An Advanced Combat Rifle (ACR) is a generic name given to future assault rifles being developed by various governments and private manufacturers. It was also the name of a US military project in the late 1980s to design a replacement for the venerable M-16A2 assault rifle. The ACR program produced a number of design innovations that are still being disseminated into the weapon industry today. More recently, projects such as the Objective Individual Combat Weapon program continued to try and improve upon the basic design and effectiveness of front-line combat rifles. Other such projects are sure to emerge in the future. Examples of advanced combat rifle concepts developed under various programs include the Heckler & Koch G-11 K2, the Steyr ACR, and the XM8.
In recent years, many designers have generally acknowledged that modern-day combat rifles are fairly well optimized for the current level of advancement and their general design will not change drastically until radically new weapon technologies are developed. Such candidate technologies, such as electromagnetic launchers and lasers, are likely not to become viable as man-portable weapons for at least a generation, and even when they do come on-line the dominance of mainstream firearms is likely to continue for many decades afterward.
This is not to say that there aren’t still a number of avenues open for refinements and improvements in battlefield firearms. Using modern-day assault rifles as their design base, ACRs of future armies will likely be lighter, more modular, more powerful, more reliable, and will use more advanced ammunition than today’s combat rifles.
ACRs in one form or another appear in films like Starship Troopers, TV shows like Space: Above and Beyond, RPGs like Traveller, Shadowrun, and 2300 AD, and video games like Halo. The pulse rifles from the movie Aliens especially exemplify to many the general form and capabilities of a desirable ACR design.
Improved ergonomics, for easier handling and aiming, is often a major concern of gun designers. Current state of the art assault rifles (the M16A2 or the P90, for example) are already fairly well optimized ergonomically, so the basic configuration of the rifles will probably not change dramatically in the next few decades. ACRs may become shorter and less bulky for better handling by soldiers. Grips and shoulder stocks may also become more easily adjustable to better accommodate the needs of individual operators.
Weapon engineers also put a large emphasis on lightweight design. The unloaded weight for the M16A2 is about 3 kg. With advanced composite materials becoming available, unloaded ACRs will probably not weigh significantly more, even with add-ons such as underbarrel attachments or electronic sights. However, some believe that making a rifle too lightweight would make it uncomfortable to fire, possibly skewing aim and recoil absorption.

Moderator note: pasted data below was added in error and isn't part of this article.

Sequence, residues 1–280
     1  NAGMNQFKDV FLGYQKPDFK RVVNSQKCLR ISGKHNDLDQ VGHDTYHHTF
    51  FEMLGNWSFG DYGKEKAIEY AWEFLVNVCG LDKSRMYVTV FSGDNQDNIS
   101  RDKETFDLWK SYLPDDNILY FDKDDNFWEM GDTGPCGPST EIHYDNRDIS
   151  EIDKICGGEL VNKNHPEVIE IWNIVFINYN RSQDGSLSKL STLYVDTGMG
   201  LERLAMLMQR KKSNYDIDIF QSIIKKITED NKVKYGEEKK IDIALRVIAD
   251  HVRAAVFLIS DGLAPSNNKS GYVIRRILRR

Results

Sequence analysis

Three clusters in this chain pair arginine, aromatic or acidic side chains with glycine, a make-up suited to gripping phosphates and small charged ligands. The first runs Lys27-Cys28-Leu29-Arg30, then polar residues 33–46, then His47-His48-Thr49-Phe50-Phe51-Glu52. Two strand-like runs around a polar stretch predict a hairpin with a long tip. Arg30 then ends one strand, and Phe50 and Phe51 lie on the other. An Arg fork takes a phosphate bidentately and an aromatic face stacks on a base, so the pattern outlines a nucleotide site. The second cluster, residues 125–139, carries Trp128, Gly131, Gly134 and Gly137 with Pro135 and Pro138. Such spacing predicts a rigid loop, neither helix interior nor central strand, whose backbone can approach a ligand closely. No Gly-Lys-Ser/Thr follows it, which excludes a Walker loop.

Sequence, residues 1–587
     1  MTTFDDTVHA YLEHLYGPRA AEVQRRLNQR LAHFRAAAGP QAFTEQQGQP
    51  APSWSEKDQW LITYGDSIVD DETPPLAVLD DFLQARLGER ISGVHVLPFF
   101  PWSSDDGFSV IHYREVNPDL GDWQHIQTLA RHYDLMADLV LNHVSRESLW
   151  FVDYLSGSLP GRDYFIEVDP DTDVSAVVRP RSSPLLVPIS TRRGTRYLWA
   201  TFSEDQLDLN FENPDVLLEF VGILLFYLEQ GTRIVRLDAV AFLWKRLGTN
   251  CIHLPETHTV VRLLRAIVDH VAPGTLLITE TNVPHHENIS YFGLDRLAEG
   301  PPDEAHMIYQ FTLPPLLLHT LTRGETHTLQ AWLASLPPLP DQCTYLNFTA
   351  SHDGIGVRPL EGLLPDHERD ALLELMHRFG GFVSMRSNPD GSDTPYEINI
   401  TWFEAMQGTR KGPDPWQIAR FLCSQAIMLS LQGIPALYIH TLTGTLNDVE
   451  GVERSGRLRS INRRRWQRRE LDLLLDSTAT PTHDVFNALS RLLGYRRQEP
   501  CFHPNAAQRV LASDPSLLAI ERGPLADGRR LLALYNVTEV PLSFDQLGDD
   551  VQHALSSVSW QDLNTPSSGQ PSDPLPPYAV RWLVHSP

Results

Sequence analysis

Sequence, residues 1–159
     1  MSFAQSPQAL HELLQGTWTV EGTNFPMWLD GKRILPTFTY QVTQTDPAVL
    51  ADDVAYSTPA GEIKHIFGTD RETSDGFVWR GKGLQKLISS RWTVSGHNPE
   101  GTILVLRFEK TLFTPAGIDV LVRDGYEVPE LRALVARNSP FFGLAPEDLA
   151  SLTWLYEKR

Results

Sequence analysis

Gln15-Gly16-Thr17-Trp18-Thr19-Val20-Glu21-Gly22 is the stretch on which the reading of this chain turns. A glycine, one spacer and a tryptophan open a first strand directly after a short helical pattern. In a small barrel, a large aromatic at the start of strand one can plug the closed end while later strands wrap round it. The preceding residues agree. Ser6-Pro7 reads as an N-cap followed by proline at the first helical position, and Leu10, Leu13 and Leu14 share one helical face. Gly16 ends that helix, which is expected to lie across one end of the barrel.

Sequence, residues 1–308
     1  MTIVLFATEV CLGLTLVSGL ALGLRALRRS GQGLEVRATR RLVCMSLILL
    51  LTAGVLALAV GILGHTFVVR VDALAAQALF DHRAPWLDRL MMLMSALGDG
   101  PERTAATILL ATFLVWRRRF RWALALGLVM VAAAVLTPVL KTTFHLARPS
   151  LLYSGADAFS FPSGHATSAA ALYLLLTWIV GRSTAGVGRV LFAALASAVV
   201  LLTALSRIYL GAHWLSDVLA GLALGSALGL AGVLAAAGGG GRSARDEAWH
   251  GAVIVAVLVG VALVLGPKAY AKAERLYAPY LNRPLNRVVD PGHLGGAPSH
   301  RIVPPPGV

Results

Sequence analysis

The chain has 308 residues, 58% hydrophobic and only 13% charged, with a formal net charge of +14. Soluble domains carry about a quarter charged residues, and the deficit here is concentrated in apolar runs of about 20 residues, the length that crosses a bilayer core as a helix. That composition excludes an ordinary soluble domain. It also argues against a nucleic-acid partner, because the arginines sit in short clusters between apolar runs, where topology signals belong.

Modularity is also a major design goal. As current assault rifles are considered to be close to optimized as far as their ballistic technology is concerned, designers have instead been putting greater focus into secondary and tertiary systems attached to the rifle, such as scope, underbarrel weapons, and so on. Increasing the effectiveness and ease of use of these modular devices is one of the great ongoing concerns of advanced firearm design. Pains have also gone into making the weapon system more adaptable to changing needs. The XM-8, for instance, had interchangeable barrels that allowed the weapon to function optimally as a carbine, automatic rifle, and as a sharpshooter’s weapon.
More effective recoil compensation systems are also undergoing constant research. Improved ergonomics go quite a ways in improving this, as do adjustable stocks, padding, reworked weight distribution, and so on. Active recoil compensators, where gas venting ports or movable counterweights within the weapon are used, are already a proven technology. Steady-cam like torso harnesses, used by the heavy gunners in the movie Aliens are also being looked into.
Integrated suppressors could also prove advantageous. These are muzzle/barrel devices designed to decrease the weapon’s visual and sound signature, built into the weapon itself. Also has the advantage, touted by some concerned with soldiers’ health issues, of decreasing the incidents of hearing loss often suffered by military personnel.
A very recent development that has some future-weapon enthusiasts intrigued is the idea of electronic ignition, basically using an electrical system, as opposed to a mechanical one, to ignite the propellant of a round. This would have the advantage of giving the gun fewer moving parts, preventing much of the wear that battlefield weapons now endure, as well as increasing firing rates and easing recoil. However, concerns still exist as to electronic ignition systems’ durability and effectiveness. Research is ongoing.
There is also a trend to make ACRs much hardier and resistant to damage, as well as make them usable in the widest amounts of potentially hostile environments as possible, including in space if necessary. Precision working of the machine joints to make sure the tightest seals possible are employed, as well as advanced material construction and sealing sensitive components such as integrated electronics, can help to contribute to such features.
|A caselss ACR round|